The third phase of hearings in the Scottish Child Abuse Inquiry (SCAI) is to open with an investigation of residential childcare establishments run by large-scale care providers.
The inquiry is tasked with examining historical allegations of the abuse of children in care and began taking statements from witnesses in the spring of 2016.
The latest stage will hear from representatives and former residents of establishments run by providers Quarriers, Aberlour and Barnardo’s.
Previous phases of the SCAI looked at residential establishments run by the Daughters of Charity (DoC) of St Vincent de Paul and now-defunct children’s homes run by the Sisters of Nazareth.
The first interim report from the SCAI published earlier this month found that children were abused, beaten and humiliated at Smyllum Park orphanage in Lanark, as well as at Bellevue House in Rutherglen.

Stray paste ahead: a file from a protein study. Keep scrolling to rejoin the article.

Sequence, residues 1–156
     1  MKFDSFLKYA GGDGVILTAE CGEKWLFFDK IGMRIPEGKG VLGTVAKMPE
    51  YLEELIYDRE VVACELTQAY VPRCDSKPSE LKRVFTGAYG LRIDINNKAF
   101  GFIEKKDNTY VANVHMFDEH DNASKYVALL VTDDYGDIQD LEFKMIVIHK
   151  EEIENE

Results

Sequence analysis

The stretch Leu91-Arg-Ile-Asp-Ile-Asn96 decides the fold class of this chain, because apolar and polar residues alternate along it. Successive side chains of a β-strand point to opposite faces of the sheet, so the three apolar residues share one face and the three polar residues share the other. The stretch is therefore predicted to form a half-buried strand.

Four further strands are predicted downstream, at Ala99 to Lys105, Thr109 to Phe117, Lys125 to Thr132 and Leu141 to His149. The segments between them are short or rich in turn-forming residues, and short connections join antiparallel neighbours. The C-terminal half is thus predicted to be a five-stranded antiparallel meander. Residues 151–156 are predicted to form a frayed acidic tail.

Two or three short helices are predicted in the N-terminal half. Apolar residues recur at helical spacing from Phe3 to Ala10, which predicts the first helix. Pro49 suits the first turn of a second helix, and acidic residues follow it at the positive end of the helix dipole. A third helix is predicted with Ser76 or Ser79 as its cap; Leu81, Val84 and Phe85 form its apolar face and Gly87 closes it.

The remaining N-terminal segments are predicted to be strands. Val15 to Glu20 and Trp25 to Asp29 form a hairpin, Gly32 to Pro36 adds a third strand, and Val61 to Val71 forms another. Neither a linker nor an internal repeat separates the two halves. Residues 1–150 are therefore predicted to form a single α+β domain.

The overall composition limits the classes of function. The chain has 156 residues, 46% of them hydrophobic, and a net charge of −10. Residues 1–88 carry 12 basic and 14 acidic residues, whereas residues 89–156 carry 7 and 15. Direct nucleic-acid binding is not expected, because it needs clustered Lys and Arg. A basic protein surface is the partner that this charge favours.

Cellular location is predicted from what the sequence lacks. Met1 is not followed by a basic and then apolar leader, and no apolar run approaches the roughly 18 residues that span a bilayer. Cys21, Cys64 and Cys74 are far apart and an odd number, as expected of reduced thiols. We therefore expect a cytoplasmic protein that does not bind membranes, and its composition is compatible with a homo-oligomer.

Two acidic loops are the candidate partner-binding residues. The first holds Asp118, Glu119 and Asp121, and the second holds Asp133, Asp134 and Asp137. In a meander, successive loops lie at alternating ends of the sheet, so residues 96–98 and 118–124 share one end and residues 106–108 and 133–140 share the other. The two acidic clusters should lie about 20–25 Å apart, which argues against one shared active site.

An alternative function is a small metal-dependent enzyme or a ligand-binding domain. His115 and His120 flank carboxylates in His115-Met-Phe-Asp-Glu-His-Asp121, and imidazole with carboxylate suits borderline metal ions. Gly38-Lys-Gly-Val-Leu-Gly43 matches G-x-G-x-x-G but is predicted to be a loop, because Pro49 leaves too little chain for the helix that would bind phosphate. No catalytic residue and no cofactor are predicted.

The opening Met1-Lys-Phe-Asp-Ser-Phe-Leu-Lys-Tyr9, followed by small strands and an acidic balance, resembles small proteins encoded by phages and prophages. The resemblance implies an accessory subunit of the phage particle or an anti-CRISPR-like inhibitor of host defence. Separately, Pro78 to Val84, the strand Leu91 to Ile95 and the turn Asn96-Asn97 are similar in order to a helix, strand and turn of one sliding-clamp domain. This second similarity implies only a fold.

After 20 days of evidence, chairwoman Lady Smith said youngsters lived in a climate of fear and coercive control at the two institutions run by the nuns of the Catholic order the DoC of St Vincent de Paul.
Issuing her findings on the DoC case study, Lady Smith said: “To children, ‘home’ should mean a safe place where they know they will find unconditional, loving care provided by adults they can trust; a place they will find light whenever life outside has grown dark; a place which does not fill them with fear; a place where they will not suffer abuse.
“The provision, by the order, of homes for the residential care of children in a way which routinely and consistently met that description would have been in keeping with their mission and with Christ’s teaching.
“Sadly, I have, in the light of the evidence, concluded that that did not happen. I find that children were abused in both Bellevue and Smyllum, the two institutions that were the main focus of the case study. The abuse which took place was physical, emotional and sexual.”